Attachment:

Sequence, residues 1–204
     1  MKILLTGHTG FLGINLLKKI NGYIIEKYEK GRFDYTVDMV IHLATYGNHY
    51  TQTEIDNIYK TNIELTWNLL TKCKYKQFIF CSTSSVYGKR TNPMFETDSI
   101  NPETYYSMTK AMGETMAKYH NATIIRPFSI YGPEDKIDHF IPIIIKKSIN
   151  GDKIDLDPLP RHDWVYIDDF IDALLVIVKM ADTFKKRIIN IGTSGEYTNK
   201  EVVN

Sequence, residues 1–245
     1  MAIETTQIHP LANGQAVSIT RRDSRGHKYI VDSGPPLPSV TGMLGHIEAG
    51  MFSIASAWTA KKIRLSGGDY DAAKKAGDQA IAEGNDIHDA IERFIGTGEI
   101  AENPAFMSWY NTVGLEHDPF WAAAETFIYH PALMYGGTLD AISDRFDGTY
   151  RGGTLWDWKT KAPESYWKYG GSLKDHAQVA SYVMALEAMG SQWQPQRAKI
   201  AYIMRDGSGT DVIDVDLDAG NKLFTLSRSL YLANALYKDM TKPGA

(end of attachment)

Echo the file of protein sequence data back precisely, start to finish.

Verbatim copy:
Sequence, residues 1–204
     1  MKILLTGHTG FLGINLLKKI NGYIIEKYEK GRFDYTVDMV IHLATYGNHY
    51  TQTEIDNIYK TNIELTWNLL TKCKYKQFIF CSTSSVYGKR TNPMFETDSI
   101  NPETYYSMTK AMGETMAKYH NATIIRPFSI YGPEDKIDHF IPIIIKKSIN
   151  GDKIDLDPLP RHDWVYIDDF IDALLVIVKM ADTFKKRIIN IGTSGEYTNK
   201  EVVN

Sequence, residues 1–245
     1  MAIETTQIHP LANGQAVSIT RRDSRGHKYI VDSGPPLPSV TGMLGHIEAG
    51  MFSIASAWTA KKIRLSGGDY DAAKKAGDQA IAEGNDIHDA IERFIGTGEI
   101  AENPAFMSWY NTVGLEHDPF WAAAETFIYH PALMYGGTLD AISDRFDGTY
   151  RGGTLWDWKT KAPESYWKYG GSLKDHAQVA SYVMALEAMG SQWQPQRAKI
   201  AYIMRDGSGT DVIDVDLDAG NKLFTLSRSL YLANALYKDM TKPGA